Central Venous Pressure in the Veterinary Patient (for Nurses) Cheryl MacPherson | Default


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Central Venous Pressure in the Veterinary Patient (for Nurses)

Duration: 0:36 h
Speaker: Cheryl MacPherson
from 1 US$ 46.20
(incl. tax)

Central venous pressure (or CVP) monitoring has been used in veterinary medicine as a tool for monitoring cardiac function and managing fluid therapy. In critical patients and complex anaesthetics, the technique expands the availability of information we have for patient management and helps provide a more complete picture of how the cardiovascular system is operating in conjunction with other monitoring techniques. As veterinary nurses/technicians, is it important to understand when, how and why to use central lines for critical patients and the importance of central line care and maintenance post-operatively.

This webinar will discuss the use of CVP monitoring in small animal practice with an overview of placement and management of central lines, techniques for monitoring CVP, interpretation of CVP and its limitations. We will also cover some of the controversies with its use in human medicine and briefly touch on other uses for central lines in our critical patients. Being comfortable with CVP monitoring will provide benefits in monitoring those complicated anaesthetics in critical patients and confidence in helping to make correct management decisions for better patient outcomes.

The Australian Veterinary Nurse and Technician (AVNAT) Regulatory Council has allocated (1) AVNAT CPD point to this continuing education activity.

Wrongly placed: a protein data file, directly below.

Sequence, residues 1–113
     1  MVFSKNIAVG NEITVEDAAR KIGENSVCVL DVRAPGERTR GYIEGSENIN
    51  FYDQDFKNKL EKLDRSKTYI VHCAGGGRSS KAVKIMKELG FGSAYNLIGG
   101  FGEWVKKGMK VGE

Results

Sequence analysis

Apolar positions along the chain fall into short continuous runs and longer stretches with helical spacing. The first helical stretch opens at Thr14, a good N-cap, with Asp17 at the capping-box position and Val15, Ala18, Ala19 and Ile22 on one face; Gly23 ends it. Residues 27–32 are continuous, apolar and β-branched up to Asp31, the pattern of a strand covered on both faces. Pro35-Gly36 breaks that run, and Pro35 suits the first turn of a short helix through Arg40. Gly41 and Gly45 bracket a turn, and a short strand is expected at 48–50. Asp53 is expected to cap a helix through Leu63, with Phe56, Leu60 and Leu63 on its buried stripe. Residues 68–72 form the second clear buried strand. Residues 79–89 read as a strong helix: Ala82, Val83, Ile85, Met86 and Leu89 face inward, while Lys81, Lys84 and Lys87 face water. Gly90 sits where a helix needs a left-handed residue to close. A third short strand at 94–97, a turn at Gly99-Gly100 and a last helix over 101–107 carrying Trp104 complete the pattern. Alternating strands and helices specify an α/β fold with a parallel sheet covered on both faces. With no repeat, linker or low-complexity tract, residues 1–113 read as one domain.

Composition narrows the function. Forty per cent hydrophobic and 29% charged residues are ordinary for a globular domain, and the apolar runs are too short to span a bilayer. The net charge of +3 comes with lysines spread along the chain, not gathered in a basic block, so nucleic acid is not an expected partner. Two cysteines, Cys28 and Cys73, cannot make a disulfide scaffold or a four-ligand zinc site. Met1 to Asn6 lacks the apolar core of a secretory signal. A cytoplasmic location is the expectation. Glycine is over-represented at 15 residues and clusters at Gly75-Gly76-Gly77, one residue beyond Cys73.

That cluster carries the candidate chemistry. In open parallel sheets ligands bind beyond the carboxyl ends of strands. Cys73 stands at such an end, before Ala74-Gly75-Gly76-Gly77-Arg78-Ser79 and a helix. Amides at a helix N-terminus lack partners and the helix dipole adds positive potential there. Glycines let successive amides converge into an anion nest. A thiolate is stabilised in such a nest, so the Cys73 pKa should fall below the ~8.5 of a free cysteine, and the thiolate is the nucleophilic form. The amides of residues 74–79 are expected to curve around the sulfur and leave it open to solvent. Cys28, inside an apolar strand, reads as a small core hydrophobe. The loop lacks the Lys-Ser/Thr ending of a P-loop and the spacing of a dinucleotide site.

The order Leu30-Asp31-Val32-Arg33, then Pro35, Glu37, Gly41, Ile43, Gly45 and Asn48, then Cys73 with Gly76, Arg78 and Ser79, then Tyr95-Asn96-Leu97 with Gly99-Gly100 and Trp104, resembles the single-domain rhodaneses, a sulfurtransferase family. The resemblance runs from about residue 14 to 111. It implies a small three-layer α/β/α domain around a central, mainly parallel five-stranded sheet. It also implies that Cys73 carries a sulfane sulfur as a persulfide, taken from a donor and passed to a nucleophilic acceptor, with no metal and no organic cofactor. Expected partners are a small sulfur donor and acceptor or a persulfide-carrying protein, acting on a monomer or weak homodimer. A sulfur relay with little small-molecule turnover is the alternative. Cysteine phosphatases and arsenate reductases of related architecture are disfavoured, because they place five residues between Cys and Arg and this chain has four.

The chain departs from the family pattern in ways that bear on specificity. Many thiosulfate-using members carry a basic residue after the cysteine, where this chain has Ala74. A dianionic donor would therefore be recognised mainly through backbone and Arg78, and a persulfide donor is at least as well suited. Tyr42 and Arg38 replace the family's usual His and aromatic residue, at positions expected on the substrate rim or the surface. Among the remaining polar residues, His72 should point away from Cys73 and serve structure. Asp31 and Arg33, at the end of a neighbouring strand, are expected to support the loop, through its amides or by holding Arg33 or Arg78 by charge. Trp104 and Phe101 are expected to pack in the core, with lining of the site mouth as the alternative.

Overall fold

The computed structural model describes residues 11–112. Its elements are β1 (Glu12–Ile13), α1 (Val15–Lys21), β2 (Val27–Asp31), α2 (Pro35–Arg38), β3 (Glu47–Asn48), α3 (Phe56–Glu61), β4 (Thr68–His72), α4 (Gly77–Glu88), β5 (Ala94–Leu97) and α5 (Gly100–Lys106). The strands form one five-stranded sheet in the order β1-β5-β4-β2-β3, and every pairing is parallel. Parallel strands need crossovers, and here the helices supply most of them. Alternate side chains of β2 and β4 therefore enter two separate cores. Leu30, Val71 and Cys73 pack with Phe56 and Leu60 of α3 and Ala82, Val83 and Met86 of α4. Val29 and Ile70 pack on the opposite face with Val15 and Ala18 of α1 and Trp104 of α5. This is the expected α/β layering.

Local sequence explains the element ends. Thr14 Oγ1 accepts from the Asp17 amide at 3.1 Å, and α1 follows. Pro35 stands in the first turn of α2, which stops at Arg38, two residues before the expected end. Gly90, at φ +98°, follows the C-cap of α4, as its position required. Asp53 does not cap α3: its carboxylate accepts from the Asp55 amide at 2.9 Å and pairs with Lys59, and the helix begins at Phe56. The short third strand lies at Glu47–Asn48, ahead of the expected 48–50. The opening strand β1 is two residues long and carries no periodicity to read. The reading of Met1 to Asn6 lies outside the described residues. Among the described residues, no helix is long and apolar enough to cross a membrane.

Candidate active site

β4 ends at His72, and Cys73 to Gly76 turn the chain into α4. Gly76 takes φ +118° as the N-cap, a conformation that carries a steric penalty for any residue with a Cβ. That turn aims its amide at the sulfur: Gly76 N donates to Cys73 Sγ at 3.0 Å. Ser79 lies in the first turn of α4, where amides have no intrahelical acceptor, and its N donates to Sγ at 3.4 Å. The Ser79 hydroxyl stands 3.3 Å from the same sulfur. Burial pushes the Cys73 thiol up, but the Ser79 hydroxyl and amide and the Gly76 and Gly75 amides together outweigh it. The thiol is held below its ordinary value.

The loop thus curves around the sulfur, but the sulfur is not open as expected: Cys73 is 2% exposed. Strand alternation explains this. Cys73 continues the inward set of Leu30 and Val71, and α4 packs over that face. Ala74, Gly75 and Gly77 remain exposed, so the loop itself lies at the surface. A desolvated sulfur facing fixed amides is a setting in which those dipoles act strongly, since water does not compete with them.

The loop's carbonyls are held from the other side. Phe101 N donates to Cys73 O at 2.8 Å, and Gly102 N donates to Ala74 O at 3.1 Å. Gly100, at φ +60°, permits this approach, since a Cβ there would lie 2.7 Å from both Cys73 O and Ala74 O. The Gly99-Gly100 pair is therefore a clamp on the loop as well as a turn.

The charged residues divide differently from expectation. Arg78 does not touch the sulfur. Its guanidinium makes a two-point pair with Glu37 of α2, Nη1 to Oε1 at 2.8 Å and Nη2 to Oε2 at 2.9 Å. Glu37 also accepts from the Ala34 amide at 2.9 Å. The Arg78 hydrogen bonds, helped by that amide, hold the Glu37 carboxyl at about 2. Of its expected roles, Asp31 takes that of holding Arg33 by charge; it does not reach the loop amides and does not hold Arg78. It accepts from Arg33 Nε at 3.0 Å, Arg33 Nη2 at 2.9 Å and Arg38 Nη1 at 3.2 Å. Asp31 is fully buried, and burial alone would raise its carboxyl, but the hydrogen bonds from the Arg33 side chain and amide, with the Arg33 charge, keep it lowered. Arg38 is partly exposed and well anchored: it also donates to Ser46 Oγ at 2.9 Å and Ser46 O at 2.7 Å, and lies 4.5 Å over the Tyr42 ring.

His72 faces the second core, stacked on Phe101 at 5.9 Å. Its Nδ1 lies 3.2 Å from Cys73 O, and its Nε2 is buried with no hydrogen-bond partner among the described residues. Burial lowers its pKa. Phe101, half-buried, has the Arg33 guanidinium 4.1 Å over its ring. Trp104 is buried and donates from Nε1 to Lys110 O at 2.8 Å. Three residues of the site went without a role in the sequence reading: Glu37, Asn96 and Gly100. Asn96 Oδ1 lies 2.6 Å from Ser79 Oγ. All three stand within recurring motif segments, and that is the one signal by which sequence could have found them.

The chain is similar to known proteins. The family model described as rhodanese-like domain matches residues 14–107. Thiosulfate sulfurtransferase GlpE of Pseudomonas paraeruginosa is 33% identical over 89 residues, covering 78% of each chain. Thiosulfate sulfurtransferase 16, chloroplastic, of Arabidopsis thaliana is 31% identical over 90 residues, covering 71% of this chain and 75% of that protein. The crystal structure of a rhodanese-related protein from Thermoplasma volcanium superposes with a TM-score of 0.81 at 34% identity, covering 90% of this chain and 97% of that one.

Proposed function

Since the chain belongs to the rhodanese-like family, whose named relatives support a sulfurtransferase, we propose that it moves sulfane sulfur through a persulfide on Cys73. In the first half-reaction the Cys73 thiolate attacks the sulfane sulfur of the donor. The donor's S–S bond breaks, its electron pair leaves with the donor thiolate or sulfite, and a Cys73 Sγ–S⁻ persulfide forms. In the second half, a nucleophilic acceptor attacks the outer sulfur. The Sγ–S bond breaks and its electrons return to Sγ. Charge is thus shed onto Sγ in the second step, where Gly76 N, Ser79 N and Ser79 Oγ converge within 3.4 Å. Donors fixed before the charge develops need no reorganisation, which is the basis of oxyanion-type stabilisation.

Recording from 19 August 2020

Cheryl MacPherson

Dr Cheryl MacPherson BVSc(Hons), GradCertPharmMed, Cert IV TAE, MANZCVS(E&CC)

Having qualified in 1995 at the University of Melbourne, I have spent the majority of my career in emergency and specialist practice while still maintaining a connection with general practice for work life balance.  I have spent some time working with rescued wildlife in Thailand  and taught small animal clinical anaesthesia to veterinary students at the University of Sydney.  I achieved Membership of the Australian and New Zealand College of Veterinary Scientists in 2004 in the field of Emergency Medicine and Critical Care and have currently been employed at the Brisbane Veterinary Emergency and Critical Care Service (BVECCS) for the past 10 years.  More recently I have completed a Graduate Certificate in Pharmaceutical Medicine through UNSW.
My love of emergency medicine stems from the interesting and varied caseload, the adrenalin rush of a GDV and the satisfaction in helping improve the health and well-being of emergency patients.  After 25 years of practising, it is the one area that keeps me coming back.

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